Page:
Why should we invest?
Currently, Imperial College Union combines its cash with College’s short-term cash in order to obtain a better interest rate that it would on its own. We also have a small portion held in a pooled fund managed by M&G called ‘Charifund’, which combines investment pots from various charities to invest on their behalf. This generates a slightly better return than our cash holdings to further fund the Union’s services and activities for its members.
The Union believes that we can gain more from our unutilised cash by investing it, especially as it is currently losing its value with regards to inflation. Therefore, we are reviewing our long-term Investment Strategy to ensure that we can greater benefit our members. This is represented in Our Strategy 2017-20 under an objective to develop long-term financial strength through a balanced investment plan.
What are we investing?
Imperial College Union is governed by a Board of Trustees, which has a duty to be financially responsible while ensuring we meet our charitable objectives.
The Board achieves this by approving an annual budget. The budget sets out how much we will spend on certain activities, services and events and how we will gain approximately the same amount in revenue, from areas that include our commercial services and charitable grants. Each year, the Board chooses whether to:
- generate a surplus,
- aim to break-even, or
- run a deficit, by expanding our services.
More information on the Union’s budget, income and expenditure will be available in an upcoming infographic.
Any surpluses are stored in a pot called our ‘Reserves’. Reserves are an important safety net for charities. It is best practice for charities to build up reserves that would enable them to continue operating in times of difficulty.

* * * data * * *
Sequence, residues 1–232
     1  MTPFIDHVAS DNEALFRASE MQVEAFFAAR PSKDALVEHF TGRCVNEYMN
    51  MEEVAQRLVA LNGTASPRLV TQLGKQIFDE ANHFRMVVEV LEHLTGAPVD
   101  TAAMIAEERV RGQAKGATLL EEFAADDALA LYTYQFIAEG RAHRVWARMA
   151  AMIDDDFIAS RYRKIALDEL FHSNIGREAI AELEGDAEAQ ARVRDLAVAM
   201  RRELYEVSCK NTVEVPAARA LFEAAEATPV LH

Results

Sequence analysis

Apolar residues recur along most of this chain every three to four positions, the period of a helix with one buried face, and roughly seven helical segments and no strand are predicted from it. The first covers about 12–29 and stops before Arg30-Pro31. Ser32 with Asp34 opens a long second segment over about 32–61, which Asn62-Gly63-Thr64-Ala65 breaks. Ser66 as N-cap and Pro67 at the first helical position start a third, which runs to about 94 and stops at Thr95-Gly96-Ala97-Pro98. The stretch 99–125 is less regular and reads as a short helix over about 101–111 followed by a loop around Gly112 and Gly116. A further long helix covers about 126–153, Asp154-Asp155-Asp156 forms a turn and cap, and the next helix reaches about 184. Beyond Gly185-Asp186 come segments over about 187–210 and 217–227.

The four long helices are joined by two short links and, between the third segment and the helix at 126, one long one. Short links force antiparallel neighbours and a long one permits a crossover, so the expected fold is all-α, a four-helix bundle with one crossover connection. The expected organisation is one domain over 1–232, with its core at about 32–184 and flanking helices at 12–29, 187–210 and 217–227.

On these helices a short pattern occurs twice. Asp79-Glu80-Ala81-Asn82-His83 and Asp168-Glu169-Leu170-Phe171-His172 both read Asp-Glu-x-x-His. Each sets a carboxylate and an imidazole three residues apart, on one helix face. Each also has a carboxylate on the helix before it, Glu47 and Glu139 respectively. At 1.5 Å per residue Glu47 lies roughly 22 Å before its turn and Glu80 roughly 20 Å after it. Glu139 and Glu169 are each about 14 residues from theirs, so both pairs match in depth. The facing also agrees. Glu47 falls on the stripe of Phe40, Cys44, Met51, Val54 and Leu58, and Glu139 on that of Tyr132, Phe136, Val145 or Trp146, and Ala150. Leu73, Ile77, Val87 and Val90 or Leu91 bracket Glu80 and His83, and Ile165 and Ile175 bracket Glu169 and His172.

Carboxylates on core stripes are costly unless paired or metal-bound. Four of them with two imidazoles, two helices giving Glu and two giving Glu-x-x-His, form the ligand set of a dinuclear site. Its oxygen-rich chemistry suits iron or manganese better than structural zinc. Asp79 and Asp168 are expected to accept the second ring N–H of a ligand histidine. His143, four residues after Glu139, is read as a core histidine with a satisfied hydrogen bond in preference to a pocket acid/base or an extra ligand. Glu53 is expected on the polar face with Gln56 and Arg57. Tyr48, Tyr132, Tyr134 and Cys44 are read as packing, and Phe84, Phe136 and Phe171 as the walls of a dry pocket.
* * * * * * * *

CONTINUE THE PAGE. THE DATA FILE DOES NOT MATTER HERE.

The Board has set a target of generating reserves of £1.2m; as of 31 July 2017 our reserves were approximately £840,000. This amount will enable Imperial College Union to continue operating for a short period if our business model was significantly disrupted.
Additionally, the Union manages the finances of our Clubs, Societies and Projects (CSPs). As a result of this, all our CSPs are required to manage their finances through eActivities. CSP money is accounted for separately from our bars and retail, as they are ‘restricted’ for CSP use only.
As of 31 July 2017, this CSP account totalled approximately £981,000. This amount fluctuates throughout the year, due to the various activities CSPs undergo, but this balance has never fallen below £750,000 since July 2013. This means £750,000 of contingency CSP money has not been touched in 4.5 years. This is equivalent to each CSP having just under £200 in their account at any one time.
This means we can safely invest a proportion of the CSP account that would otherwise be doing nothing, and potentially losing value with regards to inflation. This amount would only ever be called upon in extraordinary circumstances. We can use this money to generate a return that can be used to benefit our CSPs and our entire membership
However, CSPs should not worry, as all of your money will still be available to you whenever you need it, within the existing policies on expenditure. This is managed by our Investment Strategy. We will ensure that there is an appropriate level of investment in cash, which is the most flexible-to-withdraw vehicle available. To ensure that if needed, we can cover any expenditure our CSPs may want to make.
How should we invest this money?
The Board of Trustees is seeking your views on how to invest this money. We are aware that this topic is of great importance to our members, as shown by a paper brought to Union Council last year by Rhidian Thomas (Ethics & Environment Officer 2017/18) related to this issue and the Divest Imperial campaign supported by the Union. Therefore, we would like to take this opportunity to hear your thoughts before we make our final decision.
A Panel, chosen by the Board, will take into consideration the ethical overlay available, risk, return and cost of each of the options. But we would like to know your views to help shape the ethical overlay we will apply to our Investment Strategy.
Generally, the more restrictions imposed by an ethical overlay, the fewer investment options that are available. This will make our investments riskier and potentially less profitable. A stricter ethical policy may also incur increased costs, which will take away from any returns generated. These factors may mean we will miss the targets set by the Board for the Investment Strategy, the aim of which is to further support the services we offer our members.